The little old lady smiled genially at me cuddling my son.
“What an adorable boy!” she cooed.
I thanked her.
She noticed my accent, and we chatted about where she had been in the States.
Tickling my son’s foot, she then asked, “And where is he from?”
Oh, I said, he’s a Brit.
“No,” she said, “originally. Originally, where he is from?”
Ah, the joys of multiracial families. For those of you new to our saga, I am white American and my husband is BBC – British born Chinese. When my husband holds our son on outings, people give him the type of look that you normally give doting fathers with their offspring. A kind tilt of the head, and a sweet nod. When I am out with my son, I generally get a slightly questioning look, one that asks “Why is the nanny being so over-familiar with her client’s kid?”
It’s hard not to take it personally, the fact that our family is a bit of an oddity. According the the 2001 UK census, only 15% of British Chinese males married outside of their race, half of the percentage of British Chinese females. You will generally see far more BBC females with other race males than BBC males with people who look like me. It genetics, pure and simple. My husband has the stronger genes, and our son is the spitting image of him. I am a caretaker in their eyes, not a genetic contributor. And some days, it stings. I look at pictures myself or my sister and her kids as babies, with our bright blond ringlets and large light blue eyes, and I try to mash it in my head with my son’s dark brown hair and soft almond eyes. I tell myself that Alex got my fierce spirit, my cheekiness, my drive. I remind myself that I am just as much in there as his father, it’s just a bit more difficult to see at first glance. When a Chinese mother pushes her mixed race baby in a pram, you can generally tell they share DNA. I don’t have that luxury.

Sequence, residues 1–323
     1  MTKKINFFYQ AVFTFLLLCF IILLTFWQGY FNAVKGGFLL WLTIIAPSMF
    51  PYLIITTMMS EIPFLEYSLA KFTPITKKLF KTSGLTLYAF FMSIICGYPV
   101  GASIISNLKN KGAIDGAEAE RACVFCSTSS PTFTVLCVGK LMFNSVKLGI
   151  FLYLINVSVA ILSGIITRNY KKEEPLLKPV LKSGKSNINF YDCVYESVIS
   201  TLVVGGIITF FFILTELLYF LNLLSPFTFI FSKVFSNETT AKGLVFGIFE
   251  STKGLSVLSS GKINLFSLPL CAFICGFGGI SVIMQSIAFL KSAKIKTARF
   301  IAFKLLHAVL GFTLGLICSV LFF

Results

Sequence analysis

The exchange above wasn’t the first time someone asked about us. We had just gotten off the plane from London to Chicago to visit my family when Alex and I ducked into an airport bathroom to freshen up. A lady in the basin areas commented on Alex’s good nature, and I boasted that he was very genial after a seven hour flight, no mean feat for a then 4 month old. “Oh! He’s adopted!” she exclaimed, as if the light bulb went off, trying to understand why we were paired together. When I explained (nicely) that no, his father was Chinese, she said, “Oh, I thought you went over to China to pick one up.” Setting aside the fact that children are not accessories that one pops over to pick up (thank you Madonna for perpetuating that thought process), on what planet would it ever be acceptable to say something like that to a mother? I pasted on a smile, got Alex cleaned up, and met Monkey outside the restroom area, who himself was slightly perplexed that a woman had just come out of the bathrooms and given him and up and down look (maybe she thought he wasn’t really my husband, but a baby broker. The world may never know).
But back to the lady from before, asking where my son was from. I wanted to say “Originally, he’s from my vagina.” And believe me people, after a 66 hour labor with multiple instrumentation and massive hemmorage, I have every right to give props to my vagina for all it had endured. But, I didn’t. I smiled, and re-iterated that he was British born and bred. She got the picture, and no more was said on the subject. Ah well. Putting up with well meaning (and eventually, non well meaning) people who don’t quite understand Mendel’s Dihybrid Cross is a small price to pay for having the most wonderful boy in the world.
In the end, I don’t care if I never ‘see’ myself in Alex – I know I am there, in every smile, in every cry. When it comes down to it, DNA doesn’t make you a parent – the hours you put in, the sleepless nights, the worrying, the laughter, the tears, the blood, the pain, the joy – THAT makes you a parent. My son is an original, born into the brave new world of multi-cultures, multi-nationalities, and multi-races. He may have a hard road ahead finding his way amongst so many different worlds, but one thing will always stay the same. Mummy loves him. Daddy loves him. And that, folks, is all that matters.